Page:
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Small-scale, modular power systems offer distinct advantages amid a changing energy landscape. Among other benefits, they expedite technology development, cut investment and operating costs, improve availability, reduce environmental impacts and offer flexibility in meeting location-specific needs. As NETL strives to develop technological solutions to the nation’s energy challenges, the Lab is investigating ways to improve modular systems that convert coal to energy and other useful products through gasification. The combustion-free gasification process relies on chemical reactions to convert coal into clean power, chemicals, hydrogen and transportation fuels within an enclosed space. Gasification also captures carbon for storage or enhanced oil recovery. The addition of pure oxygen enhances gasification systems; however, producing pure oxygen from ambient air within a modular system is a challenge. That’s why scientists at NETL are exploring the use of metal oxides, known as oxygen carriers, which absorb oxygen from the air and release it as a pure oxygen stream.
NETL researchers are creating more efficient and environmentally benign electrochemistry technologies that turn carbon dioxide ( CO2) and excess energy back into valuable chemicals and fuels. One of the challenges associated with power plant economics is excess energy generation. Fossil fuel power plants can’t simply be turned off and on as demand increases or decreases. This picture becomes more complicated when renewables are added to the grid because wind and solar don’t generate a steady supply of power; it’s intermittent as weather conditions vary throughout the day. As a result, over-supply of energy becomes an issue. Storing electricity is not practical because of high costs, low-efficiency and poor reliability of methods for retaining energy that is generated during off peak hours. That’s where electrochemistry comes in. As its name suggests, “electrochemistry” uses electricity to do chemistry. Electrochemistry research is one way NETL researchers are transforming the reaction science landscape. As NETL researcher Doug Kauffman explained, “we’re basically moving electrons around to make chemistry happen.”
The Office of Fossil Energy’s National Energy Technology Laboratory (NETL) is seeking field work proposals (FWPs) from the U.S. Department of Energy’s (DOE) National Laboratory Complex. These FWPS will focus on identifying new concepts and technologies for producing oxygen via air separation for use in flexible, modular gasification systems. The objective of the Laboratory Research Call is to solicit and competitively award research projects to develop air separation technologies to be used in advanced fossil energy-based modular energy systems that will make progress toward enabling cost-competitive, coal-based power generation with near-zero emissions. Air separation technologies developed under FWPs selected through this Laboratory Research Call would eventually find applications in coal-fed, small-scale (1-5 MWe) modular gasification-based power plants.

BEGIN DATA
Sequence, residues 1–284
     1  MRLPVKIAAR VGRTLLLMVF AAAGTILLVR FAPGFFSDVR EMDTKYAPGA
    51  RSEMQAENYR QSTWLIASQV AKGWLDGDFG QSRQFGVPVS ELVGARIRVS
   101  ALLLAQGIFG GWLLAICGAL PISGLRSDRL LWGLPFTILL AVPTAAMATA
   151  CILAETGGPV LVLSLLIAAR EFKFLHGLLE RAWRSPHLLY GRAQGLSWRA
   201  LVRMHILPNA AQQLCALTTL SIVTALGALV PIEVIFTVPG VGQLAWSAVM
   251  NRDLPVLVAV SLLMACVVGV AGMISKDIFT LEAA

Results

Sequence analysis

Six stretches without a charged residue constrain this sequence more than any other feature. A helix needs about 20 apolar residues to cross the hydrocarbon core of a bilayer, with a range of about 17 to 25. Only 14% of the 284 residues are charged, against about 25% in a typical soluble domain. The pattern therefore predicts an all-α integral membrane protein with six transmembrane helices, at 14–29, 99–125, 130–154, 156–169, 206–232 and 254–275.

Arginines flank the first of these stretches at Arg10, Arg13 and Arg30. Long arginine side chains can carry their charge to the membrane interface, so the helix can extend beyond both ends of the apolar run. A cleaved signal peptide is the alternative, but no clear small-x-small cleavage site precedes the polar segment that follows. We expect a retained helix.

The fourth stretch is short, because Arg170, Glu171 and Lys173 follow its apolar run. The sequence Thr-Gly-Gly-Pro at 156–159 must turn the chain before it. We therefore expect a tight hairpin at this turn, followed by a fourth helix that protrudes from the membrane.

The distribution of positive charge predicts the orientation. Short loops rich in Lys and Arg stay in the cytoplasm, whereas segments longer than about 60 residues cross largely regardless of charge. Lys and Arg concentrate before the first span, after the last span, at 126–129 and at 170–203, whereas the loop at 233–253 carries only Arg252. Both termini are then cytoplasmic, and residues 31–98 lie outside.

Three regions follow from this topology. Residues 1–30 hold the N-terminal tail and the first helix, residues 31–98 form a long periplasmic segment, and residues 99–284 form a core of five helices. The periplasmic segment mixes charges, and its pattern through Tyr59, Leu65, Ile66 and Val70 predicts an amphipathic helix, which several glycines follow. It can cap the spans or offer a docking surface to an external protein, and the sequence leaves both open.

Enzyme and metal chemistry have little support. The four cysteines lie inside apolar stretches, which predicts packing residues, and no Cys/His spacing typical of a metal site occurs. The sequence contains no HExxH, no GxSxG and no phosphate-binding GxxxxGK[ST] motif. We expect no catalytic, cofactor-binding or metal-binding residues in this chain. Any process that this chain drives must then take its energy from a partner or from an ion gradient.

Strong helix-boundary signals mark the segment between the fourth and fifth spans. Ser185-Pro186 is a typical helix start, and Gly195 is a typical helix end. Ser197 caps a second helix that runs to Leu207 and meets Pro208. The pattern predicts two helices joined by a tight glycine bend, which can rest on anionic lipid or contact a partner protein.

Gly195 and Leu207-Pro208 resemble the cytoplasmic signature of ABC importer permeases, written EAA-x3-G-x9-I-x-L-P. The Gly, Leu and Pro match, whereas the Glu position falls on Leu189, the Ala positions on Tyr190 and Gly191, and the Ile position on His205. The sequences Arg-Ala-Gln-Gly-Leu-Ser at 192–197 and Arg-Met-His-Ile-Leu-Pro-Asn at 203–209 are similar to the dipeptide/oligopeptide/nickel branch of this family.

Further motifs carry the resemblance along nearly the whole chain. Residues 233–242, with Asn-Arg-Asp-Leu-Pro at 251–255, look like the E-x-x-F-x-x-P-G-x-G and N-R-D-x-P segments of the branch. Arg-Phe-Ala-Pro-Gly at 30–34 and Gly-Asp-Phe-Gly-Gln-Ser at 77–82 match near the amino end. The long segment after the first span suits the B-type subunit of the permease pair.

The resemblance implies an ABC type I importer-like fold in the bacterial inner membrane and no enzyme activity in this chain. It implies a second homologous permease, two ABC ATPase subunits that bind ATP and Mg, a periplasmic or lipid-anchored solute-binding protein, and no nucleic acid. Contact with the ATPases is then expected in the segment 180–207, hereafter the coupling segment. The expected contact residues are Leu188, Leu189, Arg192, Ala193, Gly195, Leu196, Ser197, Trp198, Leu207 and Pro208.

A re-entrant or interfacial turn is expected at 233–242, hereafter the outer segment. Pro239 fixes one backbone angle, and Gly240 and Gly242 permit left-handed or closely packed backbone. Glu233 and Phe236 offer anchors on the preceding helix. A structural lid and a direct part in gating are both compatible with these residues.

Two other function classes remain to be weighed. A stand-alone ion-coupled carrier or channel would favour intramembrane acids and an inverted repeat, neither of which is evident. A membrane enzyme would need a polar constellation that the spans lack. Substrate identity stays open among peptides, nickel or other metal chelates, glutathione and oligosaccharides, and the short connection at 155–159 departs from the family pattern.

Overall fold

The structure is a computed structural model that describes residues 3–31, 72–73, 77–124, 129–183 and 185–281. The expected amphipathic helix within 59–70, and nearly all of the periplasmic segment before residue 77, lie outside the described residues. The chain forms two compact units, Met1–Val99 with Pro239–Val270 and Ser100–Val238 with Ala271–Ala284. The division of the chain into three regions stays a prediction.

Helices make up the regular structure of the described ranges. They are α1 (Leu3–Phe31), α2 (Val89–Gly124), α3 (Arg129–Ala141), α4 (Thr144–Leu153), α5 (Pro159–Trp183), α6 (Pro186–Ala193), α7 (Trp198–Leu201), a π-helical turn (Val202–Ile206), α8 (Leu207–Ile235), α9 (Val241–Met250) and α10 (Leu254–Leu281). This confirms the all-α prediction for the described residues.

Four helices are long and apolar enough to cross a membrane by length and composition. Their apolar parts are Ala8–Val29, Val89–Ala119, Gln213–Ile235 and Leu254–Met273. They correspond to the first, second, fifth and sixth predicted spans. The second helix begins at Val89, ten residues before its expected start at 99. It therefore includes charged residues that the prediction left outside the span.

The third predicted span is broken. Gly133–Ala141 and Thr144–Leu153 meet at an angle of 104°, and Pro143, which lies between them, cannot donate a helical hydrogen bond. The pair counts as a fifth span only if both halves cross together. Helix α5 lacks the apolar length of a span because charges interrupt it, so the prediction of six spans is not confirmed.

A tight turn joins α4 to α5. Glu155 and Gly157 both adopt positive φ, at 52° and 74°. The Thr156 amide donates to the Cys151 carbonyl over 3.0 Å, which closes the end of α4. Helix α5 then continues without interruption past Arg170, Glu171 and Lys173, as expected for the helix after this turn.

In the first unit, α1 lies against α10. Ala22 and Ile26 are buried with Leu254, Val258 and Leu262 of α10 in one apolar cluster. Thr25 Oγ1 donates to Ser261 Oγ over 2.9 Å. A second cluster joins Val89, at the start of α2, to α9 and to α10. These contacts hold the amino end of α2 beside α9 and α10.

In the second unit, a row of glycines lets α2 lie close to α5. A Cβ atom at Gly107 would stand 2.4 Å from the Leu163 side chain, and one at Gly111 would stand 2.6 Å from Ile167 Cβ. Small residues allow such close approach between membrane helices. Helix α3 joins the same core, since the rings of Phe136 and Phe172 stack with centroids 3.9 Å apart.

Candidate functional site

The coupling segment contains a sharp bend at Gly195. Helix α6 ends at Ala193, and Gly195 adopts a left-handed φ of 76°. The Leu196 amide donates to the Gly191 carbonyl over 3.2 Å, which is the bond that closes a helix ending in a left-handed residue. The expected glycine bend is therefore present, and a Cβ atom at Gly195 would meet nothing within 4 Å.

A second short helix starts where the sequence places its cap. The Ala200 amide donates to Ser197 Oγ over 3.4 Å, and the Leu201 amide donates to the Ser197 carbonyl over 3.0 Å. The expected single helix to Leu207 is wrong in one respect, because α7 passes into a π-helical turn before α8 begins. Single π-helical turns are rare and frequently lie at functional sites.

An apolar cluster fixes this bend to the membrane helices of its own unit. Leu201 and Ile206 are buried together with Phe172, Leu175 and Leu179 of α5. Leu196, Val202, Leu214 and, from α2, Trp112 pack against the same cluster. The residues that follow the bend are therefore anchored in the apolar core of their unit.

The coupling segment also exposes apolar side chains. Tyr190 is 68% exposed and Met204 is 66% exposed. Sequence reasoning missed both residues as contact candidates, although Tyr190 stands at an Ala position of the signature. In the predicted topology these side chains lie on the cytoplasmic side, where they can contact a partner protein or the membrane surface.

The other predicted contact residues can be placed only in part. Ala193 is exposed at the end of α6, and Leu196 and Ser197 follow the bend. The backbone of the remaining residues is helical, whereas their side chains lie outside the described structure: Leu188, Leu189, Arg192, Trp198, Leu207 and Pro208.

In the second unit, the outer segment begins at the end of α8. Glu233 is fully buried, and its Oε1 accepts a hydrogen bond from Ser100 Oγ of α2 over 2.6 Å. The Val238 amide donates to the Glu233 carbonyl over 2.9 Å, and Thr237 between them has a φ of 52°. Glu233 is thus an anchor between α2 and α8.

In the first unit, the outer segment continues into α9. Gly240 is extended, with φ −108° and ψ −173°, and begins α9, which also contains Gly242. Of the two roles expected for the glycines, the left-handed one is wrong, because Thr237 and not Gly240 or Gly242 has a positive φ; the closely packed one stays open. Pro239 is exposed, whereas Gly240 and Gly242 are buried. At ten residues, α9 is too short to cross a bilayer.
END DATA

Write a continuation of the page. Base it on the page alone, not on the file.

Refractory Brick
NETL researchers have developed a refractory brick that can increase the service life of refractories that are used to line entrained flow slagging gasifiers, reducing wear from molten mineral impurities (slag) in carbon feedstock, and resulting in reduced replacement costs and an increased gasifier availability and efficiency. The brick is composed primarily of chromium oxide (Cr2O3), aluminum oxide (Al2O3), and carbon (C); and is designed to decrease molten slag corrosion, which is a dissolution of the refractory into the slag and pore penetration that causes spalling—a repetitive wear process where layers of the brick porosity penetrated by slag break off at the slag refractory interface. Corrosion and spalling are the two primary wear mechanisms causing refractory replacement in the high-pressure, high-temperature environment of these types of advanced energy systems.
The U.S. Department of Energy’s Office of Fossil Energy (FE) has selected nine projects to support the development of advanced technologies that will foster early adoption of small-scale modular coal-gasification. Used for power and other applications, these technologies may open new market opportunities for domestic coal. The National Energy Technology Laboratory (NETL) will manage these nine projects. The funding opportunity announcement (FOA), Small-Scale Modularization of Gasification Technology Components for Radically Engineering Modular Systems will support the new projects. This FOA will focus on the development of emerging gasification technologies that can be scaled down to modularization to support program goals using the Radically Engineered Modular Systems (REMS) concept.